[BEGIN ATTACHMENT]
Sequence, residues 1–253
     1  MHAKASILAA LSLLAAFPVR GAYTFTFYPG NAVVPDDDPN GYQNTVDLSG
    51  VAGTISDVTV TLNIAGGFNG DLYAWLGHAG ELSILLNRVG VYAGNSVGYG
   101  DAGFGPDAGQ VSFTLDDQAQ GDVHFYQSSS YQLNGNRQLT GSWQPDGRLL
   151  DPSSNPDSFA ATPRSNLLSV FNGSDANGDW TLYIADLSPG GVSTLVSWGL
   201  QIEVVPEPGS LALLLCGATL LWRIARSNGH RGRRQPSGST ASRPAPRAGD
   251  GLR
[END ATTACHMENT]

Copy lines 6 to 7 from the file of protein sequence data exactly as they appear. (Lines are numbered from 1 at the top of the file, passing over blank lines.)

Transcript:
   201  QIEVVPEPGS LALLLCGATL LWRIARSNGH RGRRQPSGST ASRPAPRAGD
   251  GLR